MANILA - The Presidential Anti-Corruption Commission (PACC) said Monday it is investigating Bureau of Corrections director-general Nicanor Faeldon as reports surfaced that he signed release orders for convicts of heinous crimes.
The anti-corruption body may also question Senator Ronald "Bato" Dela Rosa, who previously headed the BuCor, PACC Commissioner Greco Belgica said.
"We can ask Sen. Dela Rosa to give clarification, to give clarity to the issues that may come up. Hindi naman masama 'yun eh (There's nothing wrong with that)," Belgica told ANC.
Faeldon on Monday faced a Senate inquiry over the alleged questionable application of the good conduct time allowance law.
Under the law, a convict's sentence may be reduced if he or she exhibited good conduct while in prison. Data from the BuCor showed that a total of 1,914 prisoners convicted of heinous crimes have been granted early release since 2014, a year after the amendment of the good conduct time allowance (GCTA) law.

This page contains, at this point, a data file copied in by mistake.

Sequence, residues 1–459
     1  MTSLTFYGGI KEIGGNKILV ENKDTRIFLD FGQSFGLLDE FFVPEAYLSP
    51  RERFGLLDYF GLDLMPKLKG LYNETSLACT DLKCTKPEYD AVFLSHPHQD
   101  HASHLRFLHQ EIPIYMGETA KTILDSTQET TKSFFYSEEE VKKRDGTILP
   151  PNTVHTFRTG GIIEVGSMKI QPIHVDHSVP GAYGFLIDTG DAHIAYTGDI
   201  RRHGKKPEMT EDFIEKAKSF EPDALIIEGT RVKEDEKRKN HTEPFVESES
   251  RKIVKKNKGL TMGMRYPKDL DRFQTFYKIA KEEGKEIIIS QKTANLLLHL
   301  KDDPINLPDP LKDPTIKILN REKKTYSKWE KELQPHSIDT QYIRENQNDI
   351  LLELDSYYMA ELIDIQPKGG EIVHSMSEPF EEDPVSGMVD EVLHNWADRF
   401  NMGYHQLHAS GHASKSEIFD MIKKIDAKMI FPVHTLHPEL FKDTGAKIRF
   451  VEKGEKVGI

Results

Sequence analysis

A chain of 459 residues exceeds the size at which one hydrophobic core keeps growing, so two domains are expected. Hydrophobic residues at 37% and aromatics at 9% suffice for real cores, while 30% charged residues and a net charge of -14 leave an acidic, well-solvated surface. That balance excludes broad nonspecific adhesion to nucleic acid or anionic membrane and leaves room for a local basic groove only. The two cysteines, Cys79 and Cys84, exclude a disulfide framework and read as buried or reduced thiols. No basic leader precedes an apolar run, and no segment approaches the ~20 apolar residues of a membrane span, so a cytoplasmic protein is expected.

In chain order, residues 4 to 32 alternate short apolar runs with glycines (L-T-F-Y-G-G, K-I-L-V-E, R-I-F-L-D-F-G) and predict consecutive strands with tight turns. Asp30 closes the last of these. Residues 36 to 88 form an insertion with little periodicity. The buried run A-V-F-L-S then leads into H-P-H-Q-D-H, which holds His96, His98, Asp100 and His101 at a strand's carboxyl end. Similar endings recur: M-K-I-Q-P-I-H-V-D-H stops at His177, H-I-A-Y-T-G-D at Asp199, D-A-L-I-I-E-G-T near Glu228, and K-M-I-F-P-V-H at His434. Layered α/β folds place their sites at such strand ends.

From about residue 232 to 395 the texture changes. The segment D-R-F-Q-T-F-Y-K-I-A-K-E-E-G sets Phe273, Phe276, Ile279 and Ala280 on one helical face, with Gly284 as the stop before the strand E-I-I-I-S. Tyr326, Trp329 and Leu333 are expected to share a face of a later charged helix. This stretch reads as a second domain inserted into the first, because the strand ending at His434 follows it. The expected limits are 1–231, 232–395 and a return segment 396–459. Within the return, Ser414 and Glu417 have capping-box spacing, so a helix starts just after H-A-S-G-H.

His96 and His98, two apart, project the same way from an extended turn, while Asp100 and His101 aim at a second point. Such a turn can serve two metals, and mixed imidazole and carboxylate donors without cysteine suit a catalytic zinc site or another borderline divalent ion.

In his testimony, Faeldon said no convict is excluded in the granting of GCTA based on the law's implementing rules and regulations.
“That’s why in their computation… all convicted of any crime when they behave well in jail, they were granted GCTA,” Faeldon said.
He said based on the law’s IRR, a prisoner’s GCTA can only be suspended during the month that an infraction was committed.
“In the succeeding month that they behaved well, the granting of GCTA resumes regardless of the gravity of these offenses,” he said.
The releases followed the enactment of a 2013 law expanding the computation of GCTA to detention time. The Supreme Court upheld its retroactive application.
"We want to know if there are prisoners who are convicted of heinous crimes that were released. If that was the case then that is a clear violation of the law," Belgica said.
The PACC will also summon other BuCor officials to explain the implementation of the GCTA law, Belgica said.
"We want to see the documents and hear his (Faeldon) side and explanation on what transpired with the GCTA and the freeing of these 2000 criminals," he said.